3. To the crockpot, add drained beans, diced tomatoes, corn, cumin, oregano and stir. Add the chicken breasts; cover and cook on low heat for 4-6 hours.
4. Remove chicken and shred with two forks.
5. Add chicken back into the soup, adjust salt to taste.


Recipe of the week: Asian Salad

I made this salad on Xmas Eve and people really seemed to enjoy it. Here is the official recipe.


2 large handfuls of chicken or turkey
1 large handful of cashew nuts
1 handful of dried cranberries
2 teaspoons ground all-spice
a handful of fresh mint, leaves picked (optional)
a handful of fresh coriander, leaves picked (optional)
4 large handfuls of mixed salad leaves such as chicory, rocket, spinach, watercress
1 tablespoon runny honey
1 fresh red chili, deseeded and finely chopped


juice of 2 clementine
juice of 1 lime
1 pomegranate, halved
1/2 red onion, peeled and coarsely grated
extra virgin olive oil
1 tablespoon soy sauce
1 teaspoon sesame oil
a thumb-sized piece of fresh ginger, peeled and coarsely grated


To Make the Dressing:
1. Since Clementines are small I like to use two. Roll it, then cut it in half, and then squeeze into a large bowl.
2. Cut the pomegranate in half (try to pop out a few seeds and set them aside), and squeeze hard to break the seeds and release the juice.
3. Grate the red onion and add that to the bowl
4. Add the fresh lime juice
5. Add the olive oil – the general rule of thumb is add as much oil as there is liquid in the bowl, but I suggest a little less.
6. Add a tablespoon of soy sauce (this is the only salt compound), then the sesame oil.
7. Peel and grate the ginger. Get the shavings and squeeze the juice into the bowl.
8. Whisk like crazy.

Putting It Together
1. In a large frying pan set on medium low heat, add the chicken or turkey (lightly coat the pan with oil or use a non-stick). The great thing about this dish is that it uses leftovers. If you don’t have cooked chicken or turkey, prepare it anyway you like, but you want chunks of meat (you can also use a nice fish). 2. Then add whole cashews and cranberries. Toss the ingredients in the pan to mingle the flavors and then add the all-spice. Let it simmer.
3. In another large bowl, get all of the greens (salad leaves, coriander, mint – clean them first!) and mix them together.
4. De-seed the chili pepper and finely dice it. Set it aside.
5. Back to the chicken, add some honey to the pan and mix around to give texture and crust. Take the pan off the heat and allow to cool a bit (so the greens do not wilt).
6. Add the cooked ingredients to the greens, add dressing to taste. Place chili pepper and pomegranate seeds on top as a garnish.

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Drinking Made Easy: Campari

( #DrinkingMadeEasy, #Campari )

My first article for Drinking Made Easy is up live! Please go to the site and check it out.

Drinking Made Easy: Getting Bitter(s) with Campari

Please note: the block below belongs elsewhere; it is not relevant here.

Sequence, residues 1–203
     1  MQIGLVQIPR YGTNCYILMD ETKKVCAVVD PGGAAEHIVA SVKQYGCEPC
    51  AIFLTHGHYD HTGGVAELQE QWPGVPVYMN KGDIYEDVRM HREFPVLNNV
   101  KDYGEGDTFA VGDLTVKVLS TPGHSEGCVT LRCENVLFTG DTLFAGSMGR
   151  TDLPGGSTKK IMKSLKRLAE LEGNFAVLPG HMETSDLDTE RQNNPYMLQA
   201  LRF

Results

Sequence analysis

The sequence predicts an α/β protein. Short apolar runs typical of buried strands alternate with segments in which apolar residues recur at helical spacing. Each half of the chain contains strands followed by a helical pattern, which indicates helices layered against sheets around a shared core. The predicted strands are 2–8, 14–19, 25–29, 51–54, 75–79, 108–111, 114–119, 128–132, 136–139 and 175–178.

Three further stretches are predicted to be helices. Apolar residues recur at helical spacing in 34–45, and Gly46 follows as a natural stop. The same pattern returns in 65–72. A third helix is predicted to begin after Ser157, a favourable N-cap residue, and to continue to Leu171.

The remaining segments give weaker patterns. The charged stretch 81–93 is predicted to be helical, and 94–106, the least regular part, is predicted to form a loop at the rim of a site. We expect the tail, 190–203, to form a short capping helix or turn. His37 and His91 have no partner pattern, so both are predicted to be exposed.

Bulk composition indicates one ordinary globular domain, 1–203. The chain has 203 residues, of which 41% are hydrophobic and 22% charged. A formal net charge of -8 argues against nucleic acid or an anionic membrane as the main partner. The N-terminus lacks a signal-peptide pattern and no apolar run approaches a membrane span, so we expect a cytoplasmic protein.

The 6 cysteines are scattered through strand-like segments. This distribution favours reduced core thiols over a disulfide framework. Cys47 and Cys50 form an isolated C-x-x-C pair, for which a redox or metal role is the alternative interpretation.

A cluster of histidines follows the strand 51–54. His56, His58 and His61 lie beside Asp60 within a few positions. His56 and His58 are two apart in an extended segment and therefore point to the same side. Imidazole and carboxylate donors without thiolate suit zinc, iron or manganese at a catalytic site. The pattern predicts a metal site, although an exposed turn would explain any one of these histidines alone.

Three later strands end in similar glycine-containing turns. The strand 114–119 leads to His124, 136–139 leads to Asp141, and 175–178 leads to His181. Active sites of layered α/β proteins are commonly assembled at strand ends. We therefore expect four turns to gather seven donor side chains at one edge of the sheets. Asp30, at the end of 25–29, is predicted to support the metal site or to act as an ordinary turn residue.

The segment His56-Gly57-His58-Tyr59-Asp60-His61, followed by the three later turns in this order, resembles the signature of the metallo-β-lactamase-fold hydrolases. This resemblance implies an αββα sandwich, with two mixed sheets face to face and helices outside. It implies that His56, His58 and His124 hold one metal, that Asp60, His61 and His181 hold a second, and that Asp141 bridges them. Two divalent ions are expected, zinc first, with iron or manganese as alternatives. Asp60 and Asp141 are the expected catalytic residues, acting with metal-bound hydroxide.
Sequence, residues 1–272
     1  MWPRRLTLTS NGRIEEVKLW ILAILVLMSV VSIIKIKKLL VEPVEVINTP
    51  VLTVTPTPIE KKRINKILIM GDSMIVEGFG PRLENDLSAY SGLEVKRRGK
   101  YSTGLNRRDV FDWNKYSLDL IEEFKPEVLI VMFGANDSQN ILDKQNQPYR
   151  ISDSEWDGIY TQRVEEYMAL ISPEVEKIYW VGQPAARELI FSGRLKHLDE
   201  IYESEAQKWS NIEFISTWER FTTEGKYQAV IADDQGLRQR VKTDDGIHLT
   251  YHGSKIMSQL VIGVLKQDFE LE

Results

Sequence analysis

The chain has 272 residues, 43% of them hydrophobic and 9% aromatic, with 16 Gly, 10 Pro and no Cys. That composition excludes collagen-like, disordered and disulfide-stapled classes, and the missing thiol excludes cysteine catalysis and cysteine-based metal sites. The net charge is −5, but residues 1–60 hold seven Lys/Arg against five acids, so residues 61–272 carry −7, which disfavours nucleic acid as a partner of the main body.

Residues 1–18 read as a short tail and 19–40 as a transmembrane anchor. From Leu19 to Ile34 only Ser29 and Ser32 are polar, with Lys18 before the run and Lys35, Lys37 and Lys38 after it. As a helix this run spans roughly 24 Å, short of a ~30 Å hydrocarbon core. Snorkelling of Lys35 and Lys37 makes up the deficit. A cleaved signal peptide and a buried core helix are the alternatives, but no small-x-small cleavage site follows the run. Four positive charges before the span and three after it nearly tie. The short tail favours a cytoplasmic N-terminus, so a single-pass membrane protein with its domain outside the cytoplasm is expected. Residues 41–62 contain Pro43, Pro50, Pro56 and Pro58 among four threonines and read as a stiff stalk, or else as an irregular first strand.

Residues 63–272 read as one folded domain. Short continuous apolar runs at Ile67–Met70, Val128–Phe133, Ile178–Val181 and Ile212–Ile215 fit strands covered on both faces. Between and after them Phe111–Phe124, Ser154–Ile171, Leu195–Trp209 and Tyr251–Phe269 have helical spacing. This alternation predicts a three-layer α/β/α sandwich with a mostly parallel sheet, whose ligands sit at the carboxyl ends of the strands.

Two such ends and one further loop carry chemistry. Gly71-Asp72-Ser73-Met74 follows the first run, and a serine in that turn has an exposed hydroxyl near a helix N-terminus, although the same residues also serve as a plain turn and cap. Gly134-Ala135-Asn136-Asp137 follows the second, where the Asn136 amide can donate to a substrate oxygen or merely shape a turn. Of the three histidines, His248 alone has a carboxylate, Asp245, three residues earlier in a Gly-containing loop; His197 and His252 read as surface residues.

Funny note: My first commenter already owned me for suggesting that Campari is still made from bugs. I think I am going to like writing for this blog.

Update: DME’s links are down, here is the full story…

Like most people of Italian decent, my first experience with Campari was at a relative’s house. “Here… drink this” as a red concoction was shoved into my hand. Was I about to drink a guido version of a Shirley Temple? No. The back of my tongue immediately started the detecting the presence of bitterness and it soon become the dominating sensation.

After I finished half of the drink, my relative informed me I just drank “bug juice.” Spitting out the sip in progress, I yelp a panicked “seriously?”. I just received a nod. I thought I was detecting B.S., so I decided to do some investigation about this beverage to get the real scoop.

Campari is a bitters that hails from Italy. It was “officially” created in the late 1800s and the recipe, like Coca-Cola, remains a secret. There is one aspect of the formula that is confirmed: the deep red color was achieve using carmine dye composed of crushed cochineal insects. Notice that I used the term “was” in my previous sentence… it is a bit unclear if the carmine dye is still used or if it was replaced with an artificial substitute (I am willing to bet that it has not).

Regardless of its chemical makeup, Campari is an acquired taste. I decided to spend the weekend trying to come up with simple cocktail with a Campari base, it was not an easy task. Traditional mixers like cranberry and orange juice enhance the bitterness but do not compliment it (and the juice was too sweet). I tried a few sodas, both clear and brown, with minor success (standard cola is not as bad as you would think). I also tried pairing it with vodka, which was passable but not the winner I was hoping for. I was out of my league and decided to search the Internet for suggestions… which lead me to the Americano.

The Americano combines Campari with Vermouth and club soda. I thought it was an odd name for an Italian beverage, so I did some digging: The drink was originally called “Milano-Torino”, but it became popular with American tourists visiting Italy during prohibition. The crafty Italian bartenders decided to change the name to lure in said tourists and the name stuck. Another interesting fact about the Americano – iIt was the first drink ordered by James Bond in Casino Royale. Iif it is good enough for 007, it is good enough for me!

Having become acclimated to the bitter flavor of Campari all weekend, the Vermouth added the mellow clean element that I was searching for. With the right combination of flavors, the bitterness of the Campari mingles well and becomes an enhancing characteristic in the drink. Served cold, the drink is refreshing and makes for an excellent summertime cocktail. Bugs or not, this is a drink I could get behind.

The Americano:
1 oz Campari
1 oz sweet vermouth
club soda
lemon twist or orange slice for garnish

1. Fill an old fashioned glass with ice cubes
2. Add the Campari and Vermouth together
3. Top off with club soda and garnish with citrus fruit

It is recommended that you drink a Campari cocktail before you enjoy a meal to help open up the taste-buds.